Early Detection Research Network

Epigenetic silencing of the intronic microRNA hsa-miR-342 and its host gene EVL in colorectal cancer.

MicroRNAs are small, non-coding RNAs that influence gene regulatory networks by post-transcriptional regulation of specific messenger RNA targets. MicroRNA expression is dysregulated in human malignancies, frequently leading to loss of expression of certain microRNAs. We report that expression of hsa-miR-342, a microRNA encoded in an intron of the gene EVL, is commonly suppressed in human colorectal cancer. The expression of hsa-miR-342 is coordinated with that of EVL and our results indicate that the mechanism of silencing is CpG island methylation upstream of EVL. We found methylation at the EVL/hsa-miR-342 locus in 86% of colorectal adenocarcinomas and in 67% of adenomas, indicating that it is an early event in colorectal carcinogenesis. In addition, we observed a higher frequency of methylation (56%) in histologically normal colorectal mucosa from individuals with concurrent cancer compared to mucosa from individuals without colorectal cancer (12%), suggesting the existence of a 'field defect' involving methylated EVL/hsa-miR-342. Furthermore, reconstitution of hsa-miR-342 in the colorectal cancer cell line HT-29 induced apoptosis, suggesting that this microRNA could function as a proapoptotic tumor suppressor. In aggregate, these results support a novel mechanism for silencing intronic microRNAs in cancer by epigenetic alterations of cognate host genes.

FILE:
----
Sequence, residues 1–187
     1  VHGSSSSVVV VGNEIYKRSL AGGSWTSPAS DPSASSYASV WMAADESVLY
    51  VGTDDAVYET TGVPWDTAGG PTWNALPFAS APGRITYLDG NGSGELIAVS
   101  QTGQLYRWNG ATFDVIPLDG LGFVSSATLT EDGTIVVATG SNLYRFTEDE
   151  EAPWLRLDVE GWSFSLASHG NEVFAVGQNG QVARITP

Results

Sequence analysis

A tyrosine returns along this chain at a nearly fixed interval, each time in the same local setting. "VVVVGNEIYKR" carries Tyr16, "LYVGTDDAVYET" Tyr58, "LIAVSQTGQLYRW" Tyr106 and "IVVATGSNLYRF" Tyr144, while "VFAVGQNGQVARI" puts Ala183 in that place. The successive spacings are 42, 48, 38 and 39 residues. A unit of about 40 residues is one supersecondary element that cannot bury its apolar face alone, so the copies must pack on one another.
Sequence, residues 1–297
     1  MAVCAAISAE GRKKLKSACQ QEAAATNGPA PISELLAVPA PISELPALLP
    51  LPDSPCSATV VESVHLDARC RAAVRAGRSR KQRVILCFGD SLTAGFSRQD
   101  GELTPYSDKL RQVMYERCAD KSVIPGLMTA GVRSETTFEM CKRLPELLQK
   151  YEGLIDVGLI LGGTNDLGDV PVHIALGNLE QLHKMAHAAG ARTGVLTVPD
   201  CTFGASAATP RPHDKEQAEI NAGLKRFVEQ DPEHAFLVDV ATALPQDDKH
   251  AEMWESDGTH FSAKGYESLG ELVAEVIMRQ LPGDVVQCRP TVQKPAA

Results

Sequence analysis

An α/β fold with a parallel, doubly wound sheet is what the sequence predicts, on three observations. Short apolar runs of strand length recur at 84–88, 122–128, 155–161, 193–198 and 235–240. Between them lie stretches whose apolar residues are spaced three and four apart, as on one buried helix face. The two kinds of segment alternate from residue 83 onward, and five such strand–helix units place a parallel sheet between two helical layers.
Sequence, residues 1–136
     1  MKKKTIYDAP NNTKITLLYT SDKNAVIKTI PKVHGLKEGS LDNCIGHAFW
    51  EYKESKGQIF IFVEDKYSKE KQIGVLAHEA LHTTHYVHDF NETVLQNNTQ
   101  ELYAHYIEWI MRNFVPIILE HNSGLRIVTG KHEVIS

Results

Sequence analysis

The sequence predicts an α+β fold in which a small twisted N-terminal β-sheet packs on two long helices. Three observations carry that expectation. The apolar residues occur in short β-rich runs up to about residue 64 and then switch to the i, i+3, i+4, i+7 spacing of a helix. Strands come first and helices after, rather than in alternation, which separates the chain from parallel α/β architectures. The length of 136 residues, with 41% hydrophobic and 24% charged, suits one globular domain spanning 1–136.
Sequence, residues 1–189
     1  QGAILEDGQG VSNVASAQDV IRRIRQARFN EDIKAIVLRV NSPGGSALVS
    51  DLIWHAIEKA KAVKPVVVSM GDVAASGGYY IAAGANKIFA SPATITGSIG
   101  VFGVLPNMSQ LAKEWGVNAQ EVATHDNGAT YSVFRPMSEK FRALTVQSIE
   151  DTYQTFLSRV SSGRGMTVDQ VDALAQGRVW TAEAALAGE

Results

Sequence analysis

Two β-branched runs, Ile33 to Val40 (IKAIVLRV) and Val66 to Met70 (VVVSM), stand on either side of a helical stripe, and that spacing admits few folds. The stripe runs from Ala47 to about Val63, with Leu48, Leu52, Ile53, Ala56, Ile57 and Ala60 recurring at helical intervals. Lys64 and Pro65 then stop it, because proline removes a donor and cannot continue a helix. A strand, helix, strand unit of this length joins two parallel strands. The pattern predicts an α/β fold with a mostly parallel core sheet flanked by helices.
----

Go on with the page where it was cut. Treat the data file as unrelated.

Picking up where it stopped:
Allen A, Fritz BR, Grady WM, Kaz AM, Kim YH, Kroh EM, Lee JH, Markowitz SD, Mitchell PS, Paraskeva C, Parkin RK, Tewari M, Tsuchiya KD, Washington MK, Willson JK

18264139

Oncogene, 2008, 27 (27)